Canadian TV, Computing and Home Theatre Forums banner

Status
Not open for further replies.
1 - 5 of 5 Posts

·
Registered
Joined
·
5 Posts
Discussion Starter #1
It's says we won't be able to pick up signals next year when we go all digital. Is this true, even with an HD antenna? Thanks.
 

·
Registered
Joined
·
10,007 Posts
Where and who is the IT that you refer to.?

The simple answer is that with the correct equipment you will continue to pick up Digital Terrestrial Signals including HD after the switch.
 

·
Registered
Joined
·
5 Posts
Discussion Starter #3
Sorry, I'm new. I just read this article. I've been thinking of cancelling my cable but am now hesitant to do so because of unknowns. Can anyone recommend a good indoor HD antenna that will work with my TV and can easily be set up (I'm not technical) and will work beyond whatever the CRTC is talking about? My TV is a Samsung LN52750A model. Here's the link I mentioned. Thanks.

http://www.financialpost.com/news/Almost+million+households+ready+digital/3287333/story.html
 

·
Registered
Joined
·
68 Posts
Are you referring to the CBC article

Friday, July 16, 2010 | 3:54 PM ET

Read more: http://www.cbc.ca/consumer/story/2010/07/16/con-digital-television.html#ixzz0tskW1cD2


With analog TV signals to be shut down in most Canadian cities in just over a year, nearly one million Canadians aren't ready for the switch, says the CRTC.

Starting Aug. 31, 2011, Canadian television sets that rely on antennas or rabbit ears will need to be equipped with a digital converter.Starting Aug. 31, 2011, Canadian television sets that rely on antennas or rabbit ears will need to be equipped with a digital converter. (iStock)On Aug. 31, 2011, television stations in capital cities, areas with a population over 300,000 people, and those served by more than one station will be forced to broadcast only digital signals.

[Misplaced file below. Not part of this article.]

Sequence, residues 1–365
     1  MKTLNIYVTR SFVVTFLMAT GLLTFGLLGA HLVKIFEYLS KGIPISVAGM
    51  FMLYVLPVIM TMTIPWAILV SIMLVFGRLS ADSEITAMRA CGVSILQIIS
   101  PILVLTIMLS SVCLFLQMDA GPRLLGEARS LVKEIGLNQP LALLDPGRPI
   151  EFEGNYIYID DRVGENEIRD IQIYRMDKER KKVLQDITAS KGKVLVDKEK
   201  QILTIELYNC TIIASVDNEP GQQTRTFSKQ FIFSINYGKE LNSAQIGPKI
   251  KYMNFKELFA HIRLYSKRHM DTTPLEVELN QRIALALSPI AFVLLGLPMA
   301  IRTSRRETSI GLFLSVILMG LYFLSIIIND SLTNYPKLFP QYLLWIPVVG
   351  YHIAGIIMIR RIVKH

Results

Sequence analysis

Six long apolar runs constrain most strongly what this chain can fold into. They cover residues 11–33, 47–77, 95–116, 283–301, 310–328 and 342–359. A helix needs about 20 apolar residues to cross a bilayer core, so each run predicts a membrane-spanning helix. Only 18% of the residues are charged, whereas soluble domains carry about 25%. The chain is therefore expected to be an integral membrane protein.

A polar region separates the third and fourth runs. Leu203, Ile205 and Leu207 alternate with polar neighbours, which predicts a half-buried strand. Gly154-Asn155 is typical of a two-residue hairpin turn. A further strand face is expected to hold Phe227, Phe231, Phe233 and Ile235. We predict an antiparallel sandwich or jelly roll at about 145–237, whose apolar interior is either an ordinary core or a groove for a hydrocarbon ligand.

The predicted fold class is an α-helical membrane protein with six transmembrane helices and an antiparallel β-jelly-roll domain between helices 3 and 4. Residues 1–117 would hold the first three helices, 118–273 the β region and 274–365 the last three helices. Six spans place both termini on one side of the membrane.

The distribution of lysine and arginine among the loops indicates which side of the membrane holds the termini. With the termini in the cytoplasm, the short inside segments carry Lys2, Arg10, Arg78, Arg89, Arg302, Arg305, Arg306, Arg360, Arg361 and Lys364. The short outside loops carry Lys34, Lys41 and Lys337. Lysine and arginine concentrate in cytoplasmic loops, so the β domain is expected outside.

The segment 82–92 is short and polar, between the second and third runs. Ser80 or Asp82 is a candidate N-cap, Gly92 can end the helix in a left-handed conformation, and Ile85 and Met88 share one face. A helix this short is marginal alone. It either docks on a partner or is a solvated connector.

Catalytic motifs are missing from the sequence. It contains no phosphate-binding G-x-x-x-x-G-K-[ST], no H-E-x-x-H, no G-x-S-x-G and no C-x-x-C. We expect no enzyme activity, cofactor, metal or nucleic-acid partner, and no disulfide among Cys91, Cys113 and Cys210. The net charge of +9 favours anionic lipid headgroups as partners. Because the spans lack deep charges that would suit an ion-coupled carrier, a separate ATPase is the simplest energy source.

That means people who get their TV programming using an antenna or rabbit ears will need to purchase a converter to continue watching TV — unless they have a digital-ready set with a built-in converter.

The digital converter boxes cost about $75 for each television.

In smaller markets, some local stations may not convert to digital and instead deliver their services solely on cable and satellite.

The CRTC says the switch is intended to free up more broadcasting spectrum as digital signals use less room than analog.

Digital also delivers a better picture and sound quality than analog.

The switch may also mean some stations will move to different channel positions.

A national consumer education campaign outlining the changes and what they mean to consumers is expected to be launched in the spring of 2011.

Read more: http://www.cbc.ca/consumer/story/2010/07/16/con-digital-television.html#ixzz0tskQ0VzS
 

·
Super Moderator
Joined
·
56,505 Posts
1 - 5 of 5 Posts
Status
Not open for further replies.
Top